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Relative influenceof temperature and disturbance on vegetation dynamics in the low arctic: An investigation at multiple scales

Lantz, Trevor Charles. 2008. University of British Columbia, PhD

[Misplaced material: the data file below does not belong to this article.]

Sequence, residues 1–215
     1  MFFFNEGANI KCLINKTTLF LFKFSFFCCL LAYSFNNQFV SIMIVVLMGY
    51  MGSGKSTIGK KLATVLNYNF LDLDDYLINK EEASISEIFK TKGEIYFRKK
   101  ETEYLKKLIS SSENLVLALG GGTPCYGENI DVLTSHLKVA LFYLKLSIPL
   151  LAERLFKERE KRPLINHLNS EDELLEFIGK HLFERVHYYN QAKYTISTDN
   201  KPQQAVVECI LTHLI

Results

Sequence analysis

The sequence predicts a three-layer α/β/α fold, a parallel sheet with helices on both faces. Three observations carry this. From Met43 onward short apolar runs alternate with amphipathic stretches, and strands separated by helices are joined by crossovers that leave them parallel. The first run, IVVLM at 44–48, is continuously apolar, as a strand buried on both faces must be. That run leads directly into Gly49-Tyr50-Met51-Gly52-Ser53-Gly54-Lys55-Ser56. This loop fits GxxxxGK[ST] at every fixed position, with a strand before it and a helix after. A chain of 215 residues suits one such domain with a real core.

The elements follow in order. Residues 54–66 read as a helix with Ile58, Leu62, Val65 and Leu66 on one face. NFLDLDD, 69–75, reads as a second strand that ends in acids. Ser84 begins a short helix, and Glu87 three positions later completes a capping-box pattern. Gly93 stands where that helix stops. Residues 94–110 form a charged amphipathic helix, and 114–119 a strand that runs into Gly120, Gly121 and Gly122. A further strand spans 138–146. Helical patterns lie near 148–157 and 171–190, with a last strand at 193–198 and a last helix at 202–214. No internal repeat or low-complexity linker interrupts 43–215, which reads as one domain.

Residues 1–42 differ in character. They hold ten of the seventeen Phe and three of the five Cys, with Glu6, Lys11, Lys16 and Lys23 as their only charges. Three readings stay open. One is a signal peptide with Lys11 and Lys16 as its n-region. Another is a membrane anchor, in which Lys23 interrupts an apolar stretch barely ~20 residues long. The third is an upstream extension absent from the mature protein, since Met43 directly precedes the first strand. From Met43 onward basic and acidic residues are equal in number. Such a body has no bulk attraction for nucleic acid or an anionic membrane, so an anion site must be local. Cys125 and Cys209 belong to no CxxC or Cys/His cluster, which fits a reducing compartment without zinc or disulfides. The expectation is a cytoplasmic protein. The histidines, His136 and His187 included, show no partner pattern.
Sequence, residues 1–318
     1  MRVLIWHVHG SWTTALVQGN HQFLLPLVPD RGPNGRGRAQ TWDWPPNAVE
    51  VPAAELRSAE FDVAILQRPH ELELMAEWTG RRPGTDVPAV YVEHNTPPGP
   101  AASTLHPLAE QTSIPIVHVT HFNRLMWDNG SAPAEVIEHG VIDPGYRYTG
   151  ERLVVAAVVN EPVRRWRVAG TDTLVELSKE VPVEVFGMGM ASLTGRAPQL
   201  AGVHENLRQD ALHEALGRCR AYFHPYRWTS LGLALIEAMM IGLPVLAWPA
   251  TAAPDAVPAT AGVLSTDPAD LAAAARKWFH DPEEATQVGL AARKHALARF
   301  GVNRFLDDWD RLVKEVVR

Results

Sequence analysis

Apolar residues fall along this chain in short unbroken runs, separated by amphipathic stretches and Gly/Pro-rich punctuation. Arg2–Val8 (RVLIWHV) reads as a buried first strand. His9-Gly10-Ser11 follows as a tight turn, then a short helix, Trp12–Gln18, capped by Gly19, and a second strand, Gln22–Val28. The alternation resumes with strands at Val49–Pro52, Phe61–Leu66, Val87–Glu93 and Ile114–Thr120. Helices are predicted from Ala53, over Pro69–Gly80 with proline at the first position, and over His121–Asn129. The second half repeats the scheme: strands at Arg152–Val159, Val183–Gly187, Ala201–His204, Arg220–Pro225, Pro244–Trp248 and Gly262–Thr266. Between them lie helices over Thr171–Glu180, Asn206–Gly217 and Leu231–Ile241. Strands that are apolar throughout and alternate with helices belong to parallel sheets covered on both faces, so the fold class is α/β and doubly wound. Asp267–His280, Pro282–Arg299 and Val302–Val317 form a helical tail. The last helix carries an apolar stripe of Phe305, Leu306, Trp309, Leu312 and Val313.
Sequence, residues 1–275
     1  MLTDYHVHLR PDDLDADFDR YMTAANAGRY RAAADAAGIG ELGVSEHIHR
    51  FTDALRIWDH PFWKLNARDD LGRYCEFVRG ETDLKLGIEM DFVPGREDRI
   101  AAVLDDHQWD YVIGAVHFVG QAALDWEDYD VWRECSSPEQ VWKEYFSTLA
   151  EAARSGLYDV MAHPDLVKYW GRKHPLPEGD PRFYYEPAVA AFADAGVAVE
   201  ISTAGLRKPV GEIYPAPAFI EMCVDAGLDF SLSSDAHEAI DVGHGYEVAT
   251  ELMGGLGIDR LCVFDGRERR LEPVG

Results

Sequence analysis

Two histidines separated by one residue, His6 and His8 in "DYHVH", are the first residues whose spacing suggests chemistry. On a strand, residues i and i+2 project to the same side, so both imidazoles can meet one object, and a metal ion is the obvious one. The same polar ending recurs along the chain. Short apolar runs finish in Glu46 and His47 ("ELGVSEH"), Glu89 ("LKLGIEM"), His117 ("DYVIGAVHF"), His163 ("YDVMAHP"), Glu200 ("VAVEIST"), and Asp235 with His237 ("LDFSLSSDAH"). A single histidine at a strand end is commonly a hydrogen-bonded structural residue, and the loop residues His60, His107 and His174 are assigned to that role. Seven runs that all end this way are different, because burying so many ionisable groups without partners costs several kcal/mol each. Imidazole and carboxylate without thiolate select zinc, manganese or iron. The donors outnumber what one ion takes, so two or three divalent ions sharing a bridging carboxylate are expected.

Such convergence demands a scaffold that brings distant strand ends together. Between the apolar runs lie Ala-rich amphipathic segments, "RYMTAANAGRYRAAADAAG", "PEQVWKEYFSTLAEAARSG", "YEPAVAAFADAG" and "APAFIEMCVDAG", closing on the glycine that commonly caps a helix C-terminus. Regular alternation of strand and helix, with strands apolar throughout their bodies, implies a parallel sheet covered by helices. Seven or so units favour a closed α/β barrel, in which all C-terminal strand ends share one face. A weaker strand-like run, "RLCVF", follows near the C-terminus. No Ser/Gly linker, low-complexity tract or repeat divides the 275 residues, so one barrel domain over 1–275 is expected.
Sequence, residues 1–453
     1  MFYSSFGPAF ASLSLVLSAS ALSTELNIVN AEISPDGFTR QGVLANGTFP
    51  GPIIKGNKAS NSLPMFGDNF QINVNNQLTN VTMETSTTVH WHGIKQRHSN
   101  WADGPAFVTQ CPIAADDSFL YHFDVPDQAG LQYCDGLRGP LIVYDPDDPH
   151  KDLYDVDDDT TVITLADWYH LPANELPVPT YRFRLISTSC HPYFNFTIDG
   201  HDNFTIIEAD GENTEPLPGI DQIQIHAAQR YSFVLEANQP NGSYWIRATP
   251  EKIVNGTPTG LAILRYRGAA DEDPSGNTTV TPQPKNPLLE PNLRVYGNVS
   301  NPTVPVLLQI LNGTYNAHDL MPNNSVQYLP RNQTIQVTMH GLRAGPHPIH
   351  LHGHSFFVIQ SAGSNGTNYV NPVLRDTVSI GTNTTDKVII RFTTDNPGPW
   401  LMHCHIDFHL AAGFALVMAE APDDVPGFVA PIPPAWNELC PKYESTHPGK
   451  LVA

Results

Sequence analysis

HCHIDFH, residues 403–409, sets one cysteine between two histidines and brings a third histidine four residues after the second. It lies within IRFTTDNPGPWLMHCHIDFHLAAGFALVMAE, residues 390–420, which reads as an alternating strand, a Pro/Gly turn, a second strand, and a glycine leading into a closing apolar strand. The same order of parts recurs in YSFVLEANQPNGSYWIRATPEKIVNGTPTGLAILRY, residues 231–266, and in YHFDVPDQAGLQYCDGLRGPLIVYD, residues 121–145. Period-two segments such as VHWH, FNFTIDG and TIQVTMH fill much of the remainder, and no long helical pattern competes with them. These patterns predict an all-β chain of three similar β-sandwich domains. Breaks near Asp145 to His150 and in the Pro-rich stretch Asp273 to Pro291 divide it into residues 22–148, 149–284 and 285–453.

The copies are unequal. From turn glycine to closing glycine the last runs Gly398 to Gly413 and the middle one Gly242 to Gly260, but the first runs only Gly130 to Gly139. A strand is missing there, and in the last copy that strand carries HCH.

Climate change will affect Arctic plant communities directly, by altering growth and recruitment, and indirectly, by increasing the frequency of natural disturbance. Since the structure of northern vegetation influences global climate, understanding both temperature and disturbance effects on vegetation is critical. Here, I investigate the influence of temperature and disturbance on Low Arctic vegetation at several spatio-temporal scales in the Mackenzie Delta Region, N.W.T. To disentangle the relative impact of temperature and disturbance on forest-tundra and tundra ecosystems, I sampled micro environmental variability, plant community composition, and green alder abundance, growth, and reproduction on disturbed (burns and thaw slumps) and undisturbed sites across a region altemperature gradient. Disturbed areas showed increases in alder productivity, catkin production, and seed viability, as well as differences in plant community composition and micro environment. The magnitude of plot-level responses to disturbance compared to variation across the temperature gradient suggests that in the short-term, increasing the frequency of disturbance may exert a stronger influence on tundra ecosystems than changes in temperature. At the plot level,increases in alder seed viability and recruitment at warmer sites point to the fine-scale mechanisms by which shrub abundance will change. To examine the relative influence of temperature and biophysical variables on landscape-level patterns of shrub dominance, I mapped Low Arctic vegetation using aerial photos. At this broader scale, correlations between temperature and the areal extent of shrub tundra suggest that warming will increase the dominance of shrub tundra. To assess the magnitude of changes in temperature and thaw slump activity, I analyzed climate records and mapped retrogressive thaw slumps using aerial photographs. An increase in thaw slump activity in recent decades, coincident with higher temperatures, suggests that continued warming will change the area affected by thermokarst disturbances like slumps. Taken together, my research indicates that the effects climate change will be magnified by shifts in the frequency of disturbance, initiating changes to Arctic vegetation with significant implications for global climate. My work also shows that to fully understand the influence of patch-landscape feedbacks on Arctic vegetation dynamics, the effects of disturbance must be examined across longer temporal and broader spatial scales.